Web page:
There will be considerable time spent over the next two weeks dissecting UNC’s shortcomings in front of a sell-out crowd and a national television audience at Kenan Stadium.
The Aztecs outgained the Tar Heels, 509-394, and dominated the time of possession, 37:26-22:34. More concerning was San Diego State’s ability to control the trenches for most of the game, gashing the UNC defensive front for 168 yards on 35 carries (4.8 ypc) and holding the Tar Heel running backs to 73 yards on 20 carries (3.7 ypc).
But while San Diego State may have delivered an inordinate amount of body blows, it was the Tar Heels that landed the haymakers.
The first came courtesy of cornerback Brian Walker, who sat out the season opener due to a suspension. San Diego State was facing a 2nd-and-goal from the 5-yard line early in the second quarter. UNC countered with a five-man front as Jeff Schoettmer moved down from his linebacker spot. The tight end opposite him released into the end zone, leaving Schoettmer in a foot race with quarterback Quinn Kaehler, who was scrambling to his left.
The pressure forced an errant throw into the end zone, which Walker grabbed and returned 100 yards for the touchdown to give UNC a 7-0 lead. It was the third 100-yard interception return in school history.
Walker returned his second interception 10 yards to San Diego State’s 14-yard line in the fourth quarter to set up a Nick Weiler field goal, but not before the offense provided a big play of its own.
Trailing 24-14 with 13:56 to play, Marquise Williams took the snap from his own 9-yard line and read the safety sliding to the three-man left side of UNC’s formation. With no safety help over top, Mack Hollins ran a go route down the right seam and Williams found him off play-action for a 91-yard touchdown pass.
Williams overthrew two deep balls last week that likely should have been touchdown passes. That wasn’t the case this time, though.
“I was like, ‘If I underthrow this ball, I’m going to take my own self out,’” Williams said. “And I knew I couldn’t underthrow the ball to Mack Hollins because he’s pretty fast and I knew I had to get it out.”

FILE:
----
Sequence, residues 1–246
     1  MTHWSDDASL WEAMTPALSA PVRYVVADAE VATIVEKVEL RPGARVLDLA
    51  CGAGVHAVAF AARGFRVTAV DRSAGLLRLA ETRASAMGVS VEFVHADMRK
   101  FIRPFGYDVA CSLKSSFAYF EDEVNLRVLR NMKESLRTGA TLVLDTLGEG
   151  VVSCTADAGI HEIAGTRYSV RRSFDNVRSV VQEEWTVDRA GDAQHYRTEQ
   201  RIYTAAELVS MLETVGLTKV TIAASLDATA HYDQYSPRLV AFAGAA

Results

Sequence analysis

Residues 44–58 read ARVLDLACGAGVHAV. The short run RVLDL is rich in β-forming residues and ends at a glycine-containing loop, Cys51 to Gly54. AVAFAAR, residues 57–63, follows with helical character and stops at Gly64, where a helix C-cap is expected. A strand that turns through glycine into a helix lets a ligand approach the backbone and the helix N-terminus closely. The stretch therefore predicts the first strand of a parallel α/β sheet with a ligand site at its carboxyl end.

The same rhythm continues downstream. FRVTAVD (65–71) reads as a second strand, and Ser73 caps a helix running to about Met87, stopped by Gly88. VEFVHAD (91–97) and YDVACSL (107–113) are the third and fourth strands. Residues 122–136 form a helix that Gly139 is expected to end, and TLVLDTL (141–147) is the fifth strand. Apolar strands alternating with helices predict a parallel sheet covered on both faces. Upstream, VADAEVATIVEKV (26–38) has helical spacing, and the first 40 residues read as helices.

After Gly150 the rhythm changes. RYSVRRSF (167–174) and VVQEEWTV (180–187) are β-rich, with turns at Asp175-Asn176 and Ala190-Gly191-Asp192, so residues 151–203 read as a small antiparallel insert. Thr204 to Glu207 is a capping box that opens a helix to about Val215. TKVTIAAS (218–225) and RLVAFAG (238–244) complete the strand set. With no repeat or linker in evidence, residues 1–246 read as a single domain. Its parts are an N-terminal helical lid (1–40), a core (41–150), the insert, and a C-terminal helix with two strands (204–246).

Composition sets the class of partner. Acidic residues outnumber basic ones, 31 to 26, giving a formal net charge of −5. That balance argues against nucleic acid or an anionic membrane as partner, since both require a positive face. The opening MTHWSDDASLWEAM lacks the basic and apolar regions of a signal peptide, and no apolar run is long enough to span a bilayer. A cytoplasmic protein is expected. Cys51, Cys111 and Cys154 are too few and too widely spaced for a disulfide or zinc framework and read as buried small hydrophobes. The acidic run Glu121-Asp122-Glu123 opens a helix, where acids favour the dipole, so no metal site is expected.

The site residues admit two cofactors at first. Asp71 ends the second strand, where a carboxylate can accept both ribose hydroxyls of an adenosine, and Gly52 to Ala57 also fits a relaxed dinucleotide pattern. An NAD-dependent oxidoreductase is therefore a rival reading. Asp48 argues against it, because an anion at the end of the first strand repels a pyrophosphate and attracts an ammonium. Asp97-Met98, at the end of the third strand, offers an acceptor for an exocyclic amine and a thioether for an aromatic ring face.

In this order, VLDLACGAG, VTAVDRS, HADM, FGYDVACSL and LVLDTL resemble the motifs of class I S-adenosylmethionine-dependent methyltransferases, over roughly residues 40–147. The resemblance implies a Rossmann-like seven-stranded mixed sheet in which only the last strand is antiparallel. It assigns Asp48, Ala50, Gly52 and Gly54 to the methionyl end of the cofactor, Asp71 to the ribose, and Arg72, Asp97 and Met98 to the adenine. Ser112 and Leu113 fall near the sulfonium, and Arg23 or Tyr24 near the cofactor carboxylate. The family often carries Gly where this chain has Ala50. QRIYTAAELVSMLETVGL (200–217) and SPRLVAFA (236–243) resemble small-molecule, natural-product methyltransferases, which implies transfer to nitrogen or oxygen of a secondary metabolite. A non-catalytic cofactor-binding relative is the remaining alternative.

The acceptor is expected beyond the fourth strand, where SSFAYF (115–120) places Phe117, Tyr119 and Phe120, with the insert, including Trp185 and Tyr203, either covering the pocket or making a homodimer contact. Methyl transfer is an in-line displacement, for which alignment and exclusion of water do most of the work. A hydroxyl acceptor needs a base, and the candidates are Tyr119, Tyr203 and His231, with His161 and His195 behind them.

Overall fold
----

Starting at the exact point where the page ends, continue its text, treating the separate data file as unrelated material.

Walker’s pick-six and Hollins’s touchdown marked the first time in UNC school history that the Tar Heels had two plays of 90 yards or longer.
The biggest play of the night, however, was only a fraction of that yardage.
On 1st-and-goal from the 3-yard line and less than 20 seconds to play, Kaehler dropped back and fired a pass to the end zone near the left sideline. Scott slid in front of the intended receiver, securing both the ball and UNC’s dramatic victory.
“Coach Vic [Koenning] called man coverage, so Des [Lawrence] and me decided to press since they were on the 3-yard line,” Scott said. “And when the receivers saw we were pressing, they communicated to each other for a pick. My man ran a wheel route and he was running out of the end zone, so I decided to look back at the quarterback and he threw it back shoulder.”
Scott, who earlier had taken a bad angle on Donnel Pumphrey’s 12-yard touchdown run, made amends with a clutch play with the game on the line.
“We made enough mistakes to lose the game, but we made enough plays to win the game,” UNC head coach Larry Fedora told reporters during his postgame press conference.
Coaches of every sport say it’s easier to correct mistakes following a win than a loss. And while there’s plenty for UNC’s coaching staff to correct during the bye week, the confidence that comes in executing big plays – an eraser, of sorts – is far more valuable in the long run.
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